#10

[quote=alterserver_07]Are you excommunicted unofficialy if you commit a mortal sin?

I think so because if you do commit a mortal sin, you are not to recieve the Body of Christ untill you go to confession.
[/quote]

A. There are offenses which cause excommunication.

B. There are offenses which put us in a state of mortal or grave sin.

Sometimes committing B puts us in a state of A. However, not always.

It is not the teaching of the church that all mortal sins excommunicate us,


#11

[quote=HagiaSophia]A. There are offenses which cause excommunication.

B. There are offenses which put us in a state of mortal or grave sin.

Sometimes committing B puts us in a state of A. However, not always.

It is not the teaching of the church that all mortal sins excommunicate us,
[/quote]

Hagia Sophia is absolutely correct. Many mortal sins do not lead to excommunication. Some like participating in an abortion do so automatically. Bishop Bruskewitz in Nebraska has instituted an automatic excommunication for those Catholics in his diocese who persist in belonging to certain groups of dissident Catholics. This would not apply to those in other dioceses, so you see it depends…It strikes me as a shame that so many Catholics no longer understand these things. I am afraid my generation will pay a price for this when we stand before Jesus and have to admit the poor job we have done in educating the last couple of generations in their Faith.


#12

THIS IS COVERED IN THE CATECHISM EXACTLY:

198.62.75.1/www1/CDHN/gravity.html#PROLIFERATION
:thumbsup:


#13

Those under the age of 18 cannot be automatically excommunicated (canon 1323 1°, and canon 1324 §1 4° via §3). Thus, since those under 18 can commit mortal sins, it should be clear that not all mortal sin results in excommunication.

Here are the penalties incurred by excommunication:

Canon 1331 §1 An excommunicated person is forbidden:

to have any ministerial part in the celebration of the Sacrifice of the Eucharist or in any other ceremonies of public worship;

to celebrate the sacraments or sacramentals and to receive the sacraments ;

to exercise any ecclesiastical offices, ministries, functions or acts of governance.


#14

[quote=jimmy]if a person has an abortion they are excommunicated. All they have to do to have there excommunication lifted is go to confession.
[/quote]

Yeah…for the first time. After that, though, the process gets much more complicated. :rolleyes:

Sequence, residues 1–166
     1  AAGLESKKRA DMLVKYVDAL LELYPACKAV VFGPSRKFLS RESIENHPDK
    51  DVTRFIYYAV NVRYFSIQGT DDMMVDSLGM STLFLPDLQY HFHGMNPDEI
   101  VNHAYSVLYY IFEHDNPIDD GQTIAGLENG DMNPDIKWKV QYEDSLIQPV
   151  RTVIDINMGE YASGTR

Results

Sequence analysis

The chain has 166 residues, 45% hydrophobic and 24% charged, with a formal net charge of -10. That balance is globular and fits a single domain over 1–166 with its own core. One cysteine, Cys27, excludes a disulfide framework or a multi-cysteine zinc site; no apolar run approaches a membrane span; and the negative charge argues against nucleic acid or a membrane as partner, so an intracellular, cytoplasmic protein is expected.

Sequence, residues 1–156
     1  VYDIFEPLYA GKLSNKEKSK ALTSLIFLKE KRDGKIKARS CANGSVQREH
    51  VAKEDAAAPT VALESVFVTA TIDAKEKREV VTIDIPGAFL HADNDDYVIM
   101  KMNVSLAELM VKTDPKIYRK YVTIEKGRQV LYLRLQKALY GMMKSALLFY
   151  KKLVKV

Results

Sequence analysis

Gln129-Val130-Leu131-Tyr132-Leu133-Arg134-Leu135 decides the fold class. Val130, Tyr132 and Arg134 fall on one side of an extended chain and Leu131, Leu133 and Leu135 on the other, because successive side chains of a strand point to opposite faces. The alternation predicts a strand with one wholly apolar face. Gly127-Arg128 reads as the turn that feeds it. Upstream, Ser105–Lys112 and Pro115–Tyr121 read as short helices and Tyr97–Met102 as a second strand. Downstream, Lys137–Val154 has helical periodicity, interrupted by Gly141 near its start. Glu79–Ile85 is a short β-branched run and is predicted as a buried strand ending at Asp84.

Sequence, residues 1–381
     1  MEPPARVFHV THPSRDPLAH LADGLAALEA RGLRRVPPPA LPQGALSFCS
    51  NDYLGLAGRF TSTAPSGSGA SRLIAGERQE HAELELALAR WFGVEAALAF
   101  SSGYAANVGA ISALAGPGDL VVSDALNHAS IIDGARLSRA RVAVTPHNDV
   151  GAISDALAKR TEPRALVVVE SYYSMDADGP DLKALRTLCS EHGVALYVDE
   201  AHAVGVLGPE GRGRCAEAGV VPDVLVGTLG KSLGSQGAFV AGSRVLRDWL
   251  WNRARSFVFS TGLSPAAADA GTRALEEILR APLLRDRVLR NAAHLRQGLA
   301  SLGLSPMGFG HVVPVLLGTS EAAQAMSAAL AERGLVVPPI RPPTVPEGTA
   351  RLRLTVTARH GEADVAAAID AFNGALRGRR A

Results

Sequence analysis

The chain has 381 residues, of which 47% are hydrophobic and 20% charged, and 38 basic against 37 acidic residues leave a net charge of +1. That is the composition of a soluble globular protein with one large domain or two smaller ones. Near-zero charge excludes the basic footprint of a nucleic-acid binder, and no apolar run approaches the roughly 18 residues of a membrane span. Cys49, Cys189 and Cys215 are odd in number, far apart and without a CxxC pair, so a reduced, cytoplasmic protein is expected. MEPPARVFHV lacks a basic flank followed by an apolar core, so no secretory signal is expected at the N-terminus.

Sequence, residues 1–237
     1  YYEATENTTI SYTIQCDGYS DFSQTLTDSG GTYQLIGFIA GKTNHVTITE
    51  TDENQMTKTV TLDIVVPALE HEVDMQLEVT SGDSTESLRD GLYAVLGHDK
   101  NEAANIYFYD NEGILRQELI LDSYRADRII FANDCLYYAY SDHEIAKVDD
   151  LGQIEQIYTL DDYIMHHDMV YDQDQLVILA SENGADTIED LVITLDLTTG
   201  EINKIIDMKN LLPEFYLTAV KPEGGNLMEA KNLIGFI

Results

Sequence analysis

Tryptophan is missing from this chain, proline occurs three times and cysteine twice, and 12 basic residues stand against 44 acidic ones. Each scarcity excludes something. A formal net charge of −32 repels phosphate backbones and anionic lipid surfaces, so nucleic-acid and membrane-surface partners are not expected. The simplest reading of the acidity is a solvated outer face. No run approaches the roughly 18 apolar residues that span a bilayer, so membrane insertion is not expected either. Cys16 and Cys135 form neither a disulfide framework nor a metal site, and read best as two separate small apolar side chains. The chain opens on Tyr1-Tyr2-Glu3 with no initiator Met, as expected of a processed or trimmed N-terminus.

#15

[quote=masterjedi747]Yeah…for the first time. After that, though, the process gets much more complicated. :rolleyes:
[/quote]

Does it? I did not know that.


#16

From this article on Abortion and Excommunication:

Nevertheless, the door to reconciliation remains open to the repentant sinner. The bishop of the diocese has authority to remit the automatic excommunication imposed for an abortion. Such remission would normally occur in the Sacrament of Penance.

The bishop in turn may delegate this authority to priest-confessors. Accordingly, in the Priests’ Faculties and Permissions promulgated by the bishop, each priest in the Diocese of Arlington has the authority within the context of the Sacrament of Penance to remit the automatic excommunication and to grant absolution the first time a person confesses having procured or assisted with procuring an abortion.


#17

I think it really depends on the sin. If we got excommunicated for every mortal sin, then there would be some problems with being forgiven (and since mortal sins are forgivable…). However, say for example you violate the Seal of Confession. Mortal sin, excommunication. It really depends.

Eamon


#18

When you commit a mortal sin, you are cut completely off from God’s grace. This is why you need to frequent Confession. If you recieve the Blessed Sacrament in the state of mortal sin, you are commiting a sacralige and you are commiting another mortal sin… this is very bad… when in doubt go to Confession!

God Bless–JMJ
Laura :slight_smile:


#19

But out of God’s grace does not necessarily equate to out of the church, right?

Eamon


#20

There are many mortal sins and most of them do not bring about excommunication. If you are in mortal sin you need to go to Confession, it has little to do with excommunication.

If you promote mortal sin and lead other people to scandal you can be excommunicated.